In another example of budget-driven strategic choices, Secretary of the Air Force Deborah Lee James this week dumped cold water on a reasonable plan bruited by senior Air Force officers to retire and replace the venerable A-10 Warthog.
The cash-strapped Air Force has tried several times to retire the aircraft, despite the A-10’s playing a vital close air support role for clearing operations in Iraq and Afghanistan. (Close air support is a unique and dangerous mission in which pilots must coordinate intimately with friendly forces on the ground in close contact with the enemy.) This year, the service submitted a compromise plan to delay the Warthog’s full retirement until 2022, with squadrons beginning to stand down in 2018.
In response, both the House and Senate Armed Services Committees included a provision in their 2017 defense policy bills to prevent any A-10 retirements until 2019, when the A-10 and F-35 will duke it out in a test likely to be tilted in the Warthog’s favor.
The Air Force’s primary reasons for calling for the retirement of the A-10 are twofold. First, the A-10 is not survivable in high-end conflict against Russia, China, or Iran. It does not possess adequate defenses against modern surface-to-air missiles. Its Russian equivalent, the Su-25 Frogfoot, for example, has been downed by such missiles in both the 2008 Georgia War and eastern Ukraine. Second, keeping the A-10 is increasingly expensive, and every dollar used to pay for A-10 upgrades and maintenance further delays the F-35 fighter program. Over the next five years alone, the Air Force will spend $3.4 billion to maintain a shrinking A-10 fleet. The Air Force will pay that bill by delaying another 45 aircraft from the F-35A program, already 149 aircraft short of its fielding target as a result of defense budget cuts.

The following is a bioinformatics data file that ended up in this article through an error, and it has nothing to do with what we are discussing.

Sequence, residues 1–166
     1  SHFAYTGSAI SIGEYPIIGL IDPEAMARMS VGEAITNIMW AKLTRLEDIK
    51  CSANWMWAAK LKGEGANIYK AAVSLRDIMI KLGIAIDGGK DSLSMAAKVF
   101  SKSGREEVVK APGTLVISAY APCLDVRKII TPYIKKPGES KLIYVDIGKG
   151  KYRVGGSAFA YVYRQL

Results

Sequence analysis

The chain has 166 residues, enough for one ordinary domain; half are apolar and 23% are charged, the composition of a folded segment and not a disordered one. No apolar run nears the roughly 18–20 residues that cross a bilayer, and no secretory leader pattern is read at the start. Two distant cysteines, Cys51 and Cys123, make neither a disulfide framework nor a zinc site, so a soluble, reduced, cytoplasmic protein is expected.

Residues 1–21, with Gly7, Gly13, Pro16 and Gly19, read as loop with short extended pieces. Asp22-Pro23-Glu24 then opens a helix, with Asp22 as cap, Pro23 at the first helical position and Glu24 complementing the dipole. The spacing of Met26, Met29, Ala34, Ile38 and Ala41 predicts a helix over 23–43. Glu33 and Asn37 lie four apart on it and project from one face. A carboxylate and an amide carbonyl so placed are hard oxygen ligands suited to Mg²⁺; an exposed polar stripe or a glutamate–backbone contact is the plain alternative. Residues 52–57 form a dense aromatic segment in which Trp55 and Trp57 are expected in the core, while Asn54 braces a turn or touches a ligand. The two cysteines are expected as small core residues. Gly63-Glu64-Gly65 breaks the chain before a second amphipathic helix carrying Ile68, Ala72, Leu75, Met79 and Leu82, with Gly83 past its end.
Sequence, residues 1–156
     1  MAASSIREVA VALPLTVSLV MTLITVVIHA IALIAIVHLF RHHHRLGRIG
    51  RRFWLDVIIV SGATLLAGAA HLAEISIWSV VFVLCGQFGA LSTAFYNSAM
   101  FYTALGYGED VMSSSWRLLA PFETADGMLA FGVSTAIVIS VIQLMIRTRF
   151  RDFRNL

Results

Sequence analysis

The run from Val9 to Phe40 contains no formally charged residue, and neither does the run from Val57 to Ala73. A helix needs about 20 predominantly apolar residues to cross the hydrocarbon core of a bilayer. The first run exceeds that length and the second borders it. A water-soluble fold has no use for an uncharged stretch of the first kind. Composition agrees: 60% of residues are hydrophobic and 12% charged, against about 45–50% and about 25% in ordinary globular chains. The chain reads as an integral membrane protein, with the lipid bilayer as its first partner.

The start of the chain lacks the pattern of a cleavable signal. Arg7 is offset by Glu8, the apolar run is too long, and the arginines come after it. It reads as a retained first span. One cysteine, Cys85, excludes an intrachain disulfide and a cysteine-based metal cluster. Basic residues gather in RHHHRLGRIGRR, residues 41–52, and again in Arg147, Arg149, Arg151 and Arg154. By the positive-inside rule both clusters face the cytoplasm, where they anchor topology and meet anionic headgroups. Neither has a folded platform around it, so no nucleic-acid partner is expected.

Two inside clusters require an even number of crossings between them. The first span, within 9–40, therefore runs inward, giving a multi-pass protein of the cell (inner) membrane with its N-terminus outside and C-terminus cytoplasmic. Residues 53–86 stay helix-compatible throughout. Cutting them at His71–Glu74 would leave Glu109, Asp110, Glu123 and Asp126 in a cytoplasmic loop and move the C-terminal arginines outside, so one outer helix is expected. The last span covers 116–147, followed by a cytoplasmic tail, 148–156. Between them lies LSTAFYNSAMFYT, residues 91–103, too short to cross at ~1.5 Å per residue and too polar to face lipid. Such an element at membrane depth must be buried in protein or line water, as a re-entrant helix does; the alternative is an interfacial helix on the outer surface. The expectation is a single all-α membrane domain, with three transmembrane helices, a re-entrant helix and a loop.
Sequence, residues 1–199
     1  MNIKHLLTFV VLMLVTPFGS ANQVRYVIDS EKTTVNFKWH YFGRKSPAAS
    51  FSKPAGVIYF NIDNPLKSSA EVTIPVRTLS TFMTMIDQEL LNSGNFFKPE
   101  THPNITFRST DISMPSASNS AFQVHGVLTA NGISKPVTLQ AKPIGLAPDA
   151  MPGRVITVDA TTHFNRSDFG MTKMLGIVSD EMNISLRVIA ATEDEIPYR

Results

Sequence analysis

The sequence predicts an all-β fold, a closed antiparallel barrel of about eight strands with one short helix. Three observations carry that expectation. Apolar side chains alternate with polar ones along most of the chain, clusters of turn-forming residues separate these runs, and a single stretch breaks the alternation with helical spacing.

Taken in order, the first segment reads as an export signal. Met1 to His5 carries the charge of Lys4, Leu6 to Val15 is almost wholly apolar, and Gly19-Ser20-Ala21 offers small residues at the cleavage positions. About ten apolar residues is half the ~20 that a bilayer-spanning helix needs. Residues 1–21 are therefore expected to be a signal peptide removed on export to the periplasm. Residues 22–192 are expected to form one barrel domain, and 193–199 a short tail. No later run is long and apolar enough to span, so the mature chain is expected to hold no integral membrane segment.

Yet the military also desperately needs to determine how best to provide fire support to soldiers and marines on the ground, and cost-effective close air support aircraft will likely factor into any future mix. While the F-35 will be capable of conducting close air support in a potential conflict against Russia or China, using such an expensive aircraft for missions in low-threat environments (think Iraq or Afghanistan) is highly inefficient. Dedicated close air support aircraft, remotely piloted aircraft, or artillery could all fulfill the same function at lower cost.
New brainstorming by senior Air Force officers envisions buying an existing “Warthog-lite” for permissive environments (Afghanistan) and developing a more robust A-10 replacement in the early 2020s capable of operating in partially permissive areas (Iraq/Syria). Since close air support increasingly hinges more upon payload (munitions) than platform (aircraft), the A-10’s replacements needn’t boast remarkable technologies. Simple, reliable, and flexible airframes can ably replace the A-10 and cut its $20,000-per hour flying cost by at least half over the long haul.
There’s rank distrust between A-10 advocates and the Air Force, but there’s also a cost-effective way out of this dilemma. The Air Force can gradually retire the A-10 to allow F-35 purchases to ramp up, even as it buys a new “Warthog-lite” off the shelf and commits to develop a real A-10 replacement in the 2020s.
Without such a compromise, the Air Force will waste both energy and cash, shortchanging the F-35 in the near term and the close air support mission in the future. Air Force leadership could move to allay congressional concern by announcing a formal program of record and an analysis of alternatives to sketch out the specifications of the A-10’s replacement.
This first appeared in Aeideas here.
Image: Creative Commons.